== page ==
A drinker who threw a glass into a pub DJ's face in a horrific derby day attack has walked free from court.
Luke Edwards, 23, caused a deep wound to Alex Ridley's nose when he hurled the missile at him in the Wheatsheaf pub, in Shiney Row, last April 5.
Newcastle Crown Court heard the pub was packed with revellers after Sunderland beat rivals Newcastle 1-0 at the Stadium of Light and Mr Ridley was providing the evening entertainment.
Edwards was caught on a customer's mobile phone camera dancing around the pub in a "silly" fashion with a friend before the threw the glass, seemingly without reason.
Prosecutor Rebecca Brown told the court: "Mr Ridley did not see what happened, he was DJ-ing when all of a sudden he was hit in the face and started bleeding heavily."
After the violence, Edwards warned a bar manager "if anyone grasses me I will be back to burn you and your pub down".
The court heard the attack has had a devastating effect on Mr Ridley as his DJ-ing career.
He felt sickened when his family and children went through the trauma of seeing his injured face and feels his behaviour at home has changed.
He can no longer work in the busy bars where he earned his living, providing entertainment for customers to enjoy.
Mr Ridley told police in a victim impact statement: "I had to give up my job in the pub and give up parties.
"I used to have residencies at various establishments where I would DJ. I have had to refuse functions and pass them on to other companies due to what happened to me.
"I no longer feel comfortable DJ-ing at functions where people who are drunk are."
Mr Ridley said he has worked just a handful of childrens' parties since he was attacked, meaning his earnings have massively reduced and he has been left with an obvious, two-inch scar on his nose.
He said the attack has impacted on his home and family life and that he constantly feels "on edge".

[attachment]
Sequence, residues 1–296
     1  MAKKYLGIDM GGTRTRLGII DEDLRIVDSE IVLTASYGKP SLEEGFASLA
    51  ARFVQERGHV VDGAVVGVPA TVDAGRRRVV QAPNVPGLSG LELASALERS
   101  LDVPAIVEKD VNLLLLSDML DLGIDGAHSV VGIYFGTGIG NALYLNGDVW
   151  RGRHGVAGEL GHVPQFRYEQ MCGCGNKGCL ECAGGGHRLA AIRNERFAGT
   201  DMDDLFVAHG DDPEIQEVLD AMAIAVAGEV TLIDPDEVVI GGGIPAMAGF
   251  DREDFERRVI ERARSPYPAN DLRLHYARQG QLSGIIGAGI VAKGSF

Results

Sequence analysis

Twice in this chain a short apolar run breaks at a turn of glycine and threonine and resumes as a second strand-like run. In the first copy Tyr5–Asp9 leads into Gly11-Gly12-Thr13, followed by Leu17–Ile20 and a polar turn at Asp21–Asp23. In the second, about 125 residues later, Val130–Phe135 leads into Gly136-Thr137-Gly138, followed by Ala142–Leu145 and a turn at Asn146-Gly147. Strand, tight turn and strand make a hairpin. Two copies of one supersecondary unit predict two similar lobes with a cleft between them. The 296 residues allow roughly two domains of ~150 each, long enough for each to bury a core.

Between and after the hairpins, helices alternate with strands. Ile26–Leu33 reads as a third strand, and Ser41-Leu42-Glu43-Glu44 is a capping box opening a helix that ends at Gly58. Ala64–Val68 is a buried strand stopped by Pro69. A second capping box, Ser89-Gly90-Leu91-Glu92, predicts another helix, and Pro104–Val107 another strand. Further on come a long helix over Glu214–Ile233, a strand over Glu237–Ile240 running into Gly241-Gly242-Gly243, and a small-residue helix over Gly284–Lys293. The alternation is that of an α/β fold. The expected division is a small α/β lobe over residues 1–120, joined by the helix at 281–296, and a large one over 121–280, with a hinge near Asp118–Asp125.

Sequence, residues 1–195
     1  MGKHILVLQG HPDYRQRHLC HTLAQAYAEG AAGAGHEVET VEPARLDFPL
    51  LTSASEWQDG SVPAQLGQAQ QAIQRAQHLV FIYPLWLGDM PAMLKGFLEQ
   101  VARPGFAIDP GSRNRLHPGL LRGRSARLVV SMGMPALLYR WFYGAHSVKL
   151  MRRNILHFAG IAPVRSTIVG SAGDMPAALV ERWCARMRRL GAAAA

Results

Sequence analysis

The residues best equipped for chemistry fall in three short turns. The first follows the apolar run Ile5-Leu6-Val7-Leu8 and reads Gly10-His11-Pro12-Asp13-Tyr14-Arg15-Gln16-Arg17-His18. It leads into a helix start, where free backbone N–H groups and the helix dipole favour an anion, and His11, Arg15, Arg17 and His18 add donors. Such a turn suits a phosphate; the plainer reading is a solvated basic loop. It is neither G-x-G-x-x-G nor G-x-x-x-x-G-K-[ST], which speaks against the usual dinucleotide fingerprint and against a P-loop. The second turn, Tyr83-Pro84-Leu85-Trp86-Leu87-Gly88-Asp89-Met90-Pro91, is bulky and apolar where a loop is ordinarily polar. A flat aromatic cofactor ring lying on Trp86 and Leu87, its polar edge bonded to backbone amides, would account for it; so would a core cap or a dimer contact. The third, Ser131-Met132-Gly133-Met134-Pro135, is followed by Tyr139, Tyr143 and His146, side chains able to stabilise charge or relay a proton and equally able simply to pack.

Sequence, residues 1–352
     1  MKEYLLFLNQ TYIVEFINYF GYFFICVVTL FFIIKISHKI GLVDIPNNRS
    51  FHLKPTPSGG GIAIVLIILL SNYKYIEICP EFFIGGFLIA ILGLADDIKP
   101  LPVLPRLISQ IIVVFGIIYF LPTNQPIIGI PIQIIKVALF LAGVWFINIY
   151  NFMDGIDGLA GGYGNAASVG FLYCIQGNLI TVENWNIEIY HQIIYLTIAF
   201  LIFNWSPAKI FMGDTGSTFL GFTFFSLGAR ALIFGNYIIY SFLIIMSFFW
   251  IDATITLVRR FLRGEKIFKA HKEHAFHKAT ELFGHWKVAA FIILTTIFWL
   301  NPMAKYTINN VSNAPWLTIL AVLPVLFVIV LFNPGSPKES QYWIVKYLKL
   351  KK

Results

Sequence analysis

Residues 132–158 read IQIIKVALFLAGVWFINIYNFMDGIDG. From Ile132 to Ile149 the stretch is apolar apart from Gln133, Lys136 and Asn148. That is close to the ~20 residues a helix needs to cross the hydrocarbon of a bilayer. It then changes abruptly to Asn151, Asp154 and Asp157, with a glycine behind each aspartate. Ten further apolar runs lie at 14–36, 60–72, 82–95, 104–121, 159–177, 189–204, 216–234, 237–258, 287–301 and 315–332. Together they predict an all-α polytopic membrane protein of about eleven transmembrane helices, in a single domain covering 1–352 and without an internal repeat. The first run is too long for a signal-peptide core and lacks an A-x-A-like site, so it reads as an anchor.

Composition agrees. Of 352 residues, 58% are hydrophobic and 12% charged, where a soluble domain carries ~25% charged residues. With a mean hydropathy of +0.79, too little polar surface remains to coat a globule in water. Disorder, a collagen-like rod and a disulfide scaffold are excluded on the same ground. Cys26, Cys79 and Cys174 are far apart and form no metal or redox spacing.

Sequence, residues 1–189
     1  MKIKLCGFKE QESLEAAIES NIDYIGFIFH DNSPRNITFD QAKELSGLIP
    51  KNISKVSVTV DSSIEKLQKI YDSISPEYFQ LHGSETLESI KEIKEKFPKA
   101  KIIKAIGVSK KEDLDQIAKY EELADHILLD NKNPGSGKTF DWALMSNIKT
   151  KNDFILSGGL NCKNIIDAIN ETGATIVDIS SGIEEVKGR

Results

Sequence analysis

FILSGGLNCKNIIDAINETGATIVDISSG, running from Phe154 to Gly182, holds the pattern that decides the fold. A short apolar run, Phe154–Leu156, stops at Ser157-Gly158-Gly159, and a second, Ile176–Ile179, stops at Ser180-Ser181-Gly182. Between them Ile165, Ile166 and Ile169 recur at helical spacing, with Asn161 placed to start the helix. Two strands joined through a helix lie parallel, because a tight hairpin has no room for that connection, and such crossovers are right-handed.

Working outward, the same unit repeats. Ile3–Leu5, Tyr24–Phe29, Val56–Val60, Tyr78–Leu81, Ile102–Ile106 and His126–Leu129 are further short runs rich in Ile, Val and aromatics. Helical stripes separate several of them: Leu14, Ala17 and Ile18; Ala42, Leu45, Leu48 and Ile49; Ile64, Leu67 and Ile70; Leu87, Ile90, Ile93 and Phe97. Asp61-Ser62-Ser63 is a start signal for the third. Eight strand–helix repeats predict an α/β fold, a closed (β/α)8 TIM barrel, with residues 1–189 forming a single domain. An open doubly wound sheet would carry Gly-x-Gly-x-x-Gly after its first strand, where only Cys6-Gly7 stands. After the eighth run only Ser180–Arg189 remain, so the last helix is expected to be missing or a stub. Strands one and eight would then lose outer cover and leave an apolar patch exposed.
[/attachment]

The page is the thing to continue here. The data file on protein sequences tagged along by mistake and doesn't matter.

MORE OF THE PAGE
Mr Ridley added: "I didn't deserve what happened to me, I was only doing my job."
Edwards, of Park View, Shiney Row, Sunderland, pleaded guilty to unlawful wounding and intimidation of a potential witness.
Mr Recorder Nigel Sangster QC sentenced him to two years imprisonment, suspended for two years, with 150 hours unpaid work, £2,000 compensation and £1,500 costs to be paid.
The judge told him: "It is clear you are normally a decent young man who works hard but on this night, no doubt because of the amount you had to drink, you behaved in not just an appalling fashion but in a criminal fashion.
"I have seen how you threw the glass at that gentleman, who was just doing his job.
"It was good luck rather than judgement that he was hit on the nose, rather than the eye but it caused a severe cut and left a scar.
"I accept what he says, that as a result of what you did, he no longer wants to DJ in pubs where people might be drinking, he restricts himself to childrens' parties and the like."
The judge said Edwards has never been in trouble for violent behaviour before and he was able to treat what happened as a "one off, stupid, criminal night of drunkenness".
Gavin Doig, defending, said Edwards and his family are "appalled" by his behavior that night, which he described as "lunacy".
Mr Doig said Edwards has a good job and still lives at home with a supportive family.